Contemporary French Civilization
Praise for Dawn of the Belle Epoque:

McAuliffe should be strongly commended for corralling such an immense amount of data into a tightly paced, informative, and highly readable compendium. The book is sure to delight readers as much as it informs them.

The Collected Traveller
Praise for Dawn of the Belle Epoque:

Unique and insightful. . . . In each chapter we are introduced to the key personalities and events of the era, often through excerpts from letters or diaries. I felt like I was a part of the personal lives of everyone, and by the time I finished the book I had a deeper understanding of the (real life) characters, even those I already knew a lot about. . . . The struggles and events of these years have continued to influence French politics and society right up to the present day.

Library Journal
02/01/2014
McAuliffe follows up her Dawn of the Belle Epoque: The Paris of Monet, Zola, Bernhardt, Eiffel, Debussy, Clemenceau, and Their Friends with this book taking readers forward a few decades. It's actually not so much a history of a time as a collection of biographies—over 30 of them—of early 20th-century French inventors, politicians, and artists. The author divides the book by year, with each chapter relating significant events in the life of the main subjects during that one year. Unfortunately, because the subjects did not necessarily know one another, or share any interests, each biographical segment is disconnected from the portions before and after it. Because 50 to 100 pages can separate the portions about a particular person, the reader may find it a challenge to keep track of any particular subject's life and will need to resort to the index. Nonetheless, McAuliffe has an eye for the evocative, using quotes—and salacious details—to bring these early 20th-century men and women to life, several of whom—Rodin, Zola, the Curies—were covered in her previous book (she orients readers in case they did not read that volume). The author excels at including material about women throughout. VERDICT Recommended for readers who enjoyed the previous volume and for biography junkies.—Jessica Spears, Monroe Coll. Lib., Bronx, NY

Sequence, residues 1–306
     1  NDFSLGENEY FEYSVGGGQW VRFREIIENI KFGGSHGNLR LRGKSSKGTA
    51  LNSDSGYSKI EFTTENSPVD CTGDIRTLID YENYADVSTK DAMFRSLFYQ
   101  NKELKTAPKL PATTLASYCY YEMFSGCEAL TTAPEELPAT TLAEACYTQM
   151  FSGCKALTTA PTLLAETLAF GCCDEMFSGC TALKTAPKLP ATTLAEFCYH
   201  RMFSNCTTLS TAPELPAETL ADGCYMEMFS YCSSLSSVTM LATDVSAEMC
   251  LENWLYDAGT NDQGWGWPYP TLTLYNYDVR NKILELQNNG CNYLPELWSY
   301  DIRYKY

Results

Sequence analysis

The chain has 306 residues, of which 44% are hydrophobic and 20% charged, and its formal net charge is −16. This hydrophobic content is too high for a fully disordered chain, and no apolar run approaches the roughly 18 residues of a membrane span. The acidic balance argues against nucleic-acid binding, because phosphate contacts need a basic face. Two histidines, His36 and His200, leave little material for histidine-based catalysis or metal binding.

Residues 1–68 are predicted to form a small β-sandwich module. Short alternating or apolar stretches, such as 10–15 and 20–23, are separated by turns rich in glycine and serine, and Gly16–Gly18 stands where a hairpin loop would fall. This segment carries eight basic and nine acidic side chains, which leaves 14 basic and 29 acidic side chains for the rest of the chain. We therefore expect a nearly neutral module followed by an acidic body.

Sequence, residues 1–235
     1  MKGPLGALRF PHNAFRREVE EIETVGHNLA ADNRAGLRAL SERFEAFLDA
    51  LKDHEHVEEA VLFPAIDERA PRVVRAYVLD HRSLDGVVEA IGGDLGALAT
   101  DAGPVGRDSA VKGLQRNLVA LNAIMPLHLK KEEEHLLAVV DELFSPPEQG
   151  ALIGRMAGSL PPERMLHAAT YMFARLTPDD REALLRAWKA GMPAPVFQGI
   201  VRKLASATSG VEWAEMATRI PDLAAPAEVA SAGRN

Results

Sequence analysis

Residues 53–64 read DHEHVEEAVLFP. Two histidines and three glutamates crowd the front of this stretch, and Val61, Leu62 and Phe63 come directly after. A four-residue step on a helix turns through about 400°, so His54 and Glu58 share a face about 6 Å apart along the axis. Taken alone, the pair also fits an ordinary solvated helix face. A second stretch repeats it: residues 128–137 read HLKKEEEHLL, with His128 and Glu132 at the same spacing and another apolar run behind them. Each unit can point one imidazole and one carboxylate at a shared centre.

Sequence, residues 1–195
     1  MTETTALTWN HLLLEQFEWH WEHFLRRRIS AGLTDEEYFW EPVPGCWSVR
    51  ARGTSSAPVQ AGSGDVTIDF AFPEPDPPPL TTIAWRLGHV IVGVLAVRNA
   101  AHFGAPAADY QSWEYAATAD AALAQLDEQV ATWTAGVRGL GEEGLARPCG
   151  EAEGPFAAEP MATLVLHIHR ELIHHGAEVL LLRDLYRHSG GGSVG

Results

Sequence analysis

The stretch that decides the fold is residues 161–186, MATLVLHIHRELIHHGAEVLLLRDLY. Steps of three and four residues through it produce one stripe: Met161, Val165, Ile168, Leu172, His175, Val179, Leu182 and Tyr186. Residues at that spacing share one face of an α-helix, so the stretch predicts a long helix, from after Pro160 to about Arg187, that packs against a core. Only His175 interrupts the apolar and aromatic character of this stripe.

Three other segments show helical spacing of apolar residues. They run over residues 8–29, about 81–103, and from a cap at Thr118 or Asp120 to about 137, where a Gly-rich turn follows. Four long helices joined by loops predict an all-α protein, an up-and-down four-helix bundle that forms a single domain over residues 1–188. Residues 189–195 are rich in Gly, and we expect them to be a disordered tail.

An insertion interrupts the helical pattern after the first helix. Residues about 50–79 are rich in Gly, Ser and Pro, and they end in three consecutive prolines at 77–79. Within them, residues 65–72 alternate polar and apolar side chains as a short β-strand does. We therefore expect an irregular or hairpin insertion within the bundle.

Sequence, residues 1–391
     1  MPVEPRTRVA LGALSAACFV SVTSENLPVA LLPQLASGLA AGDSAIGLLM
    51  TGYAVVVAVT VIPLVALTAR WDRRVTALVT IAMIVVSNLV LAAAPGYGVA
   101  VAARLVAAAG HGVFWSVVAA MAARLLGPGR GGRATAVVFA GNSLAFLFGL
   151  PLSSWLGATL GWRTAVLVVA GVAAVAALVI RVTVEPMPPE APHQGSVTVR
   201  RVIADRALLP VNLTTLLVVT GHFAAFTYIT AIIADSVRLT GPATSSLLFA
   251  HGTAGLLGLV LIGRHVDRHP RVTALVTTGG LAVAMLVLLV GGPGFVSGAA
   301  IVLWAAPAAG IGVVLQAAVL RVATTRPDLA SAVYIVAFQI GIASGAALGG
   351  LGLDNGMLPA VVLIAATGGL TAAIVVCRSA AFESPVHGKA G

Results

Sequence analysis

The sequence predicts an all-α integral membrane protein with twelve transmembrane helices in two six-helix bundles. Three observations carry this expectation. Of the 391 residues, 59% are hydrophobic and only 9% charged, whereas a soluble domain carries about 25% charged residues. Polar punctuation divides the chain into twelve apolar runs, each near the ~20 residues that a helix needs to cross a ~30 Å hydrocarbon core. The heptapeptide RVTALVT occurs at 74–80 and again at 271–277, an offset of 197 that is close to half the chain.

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Product Details

  • ISBN-13: 9781442221635
  • Publisher: Rowman & Littlefield Publishers, Inc.
  • Publication date: 3/16/2014
  • Pages: 432
  • Sales rank: 67,769
  • Product dimensions: 6.00 (w) x 9.00 (h) x 1.30 (d)

Meet the Author

Mary McAuliffe holds a PhD in history from the University of Maryland, has taught at several universities, and lectured at the Smithsonian Institution. She has traveled extensively in France, and for many years she was a regular contributor to Paris Notes. Her books include Paris Discovered, Dawn of the Belle Epoque, and Clash of Crowns. She lives in New York City with her husband.

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Table of Contents

Introduction
Chapter 1: Enter the King (1900)
Chapter 2: Bohemia on the Seine (1900)
Chapter 3: Death of a Queen (1901)
Chapter 4: Dreams and Reality (1902)
Chapter 5: Arrivals and Departures (1903)
Chapter 6: Alliances and Misalliances (1904)
Chapter 7: Wild Beasts (1905)
Chapter 8: La Valse (1906)
Chapter 9: Winds of Change (1907)
Chapter 10: Unfinished Business (1908)
Chapter 11: Idyll (1909)
Chapter 12: Deep Waters (1910)
Chapter 13: Between Heaven and Hell (1911)
Chapter 14: Dancing on the Edge (1912)
Chapter 15: Fireworks (1913)
Chapter 16: "Dear France, dear country" (1914)
Chapter 17: "This war which never ends" (1914–1915)
Chapter 18: "Ils ne passeront pas" (1916)
Chapter 19: Dark Days (1917)
Chapter 20: Finale (1918)
Bibliography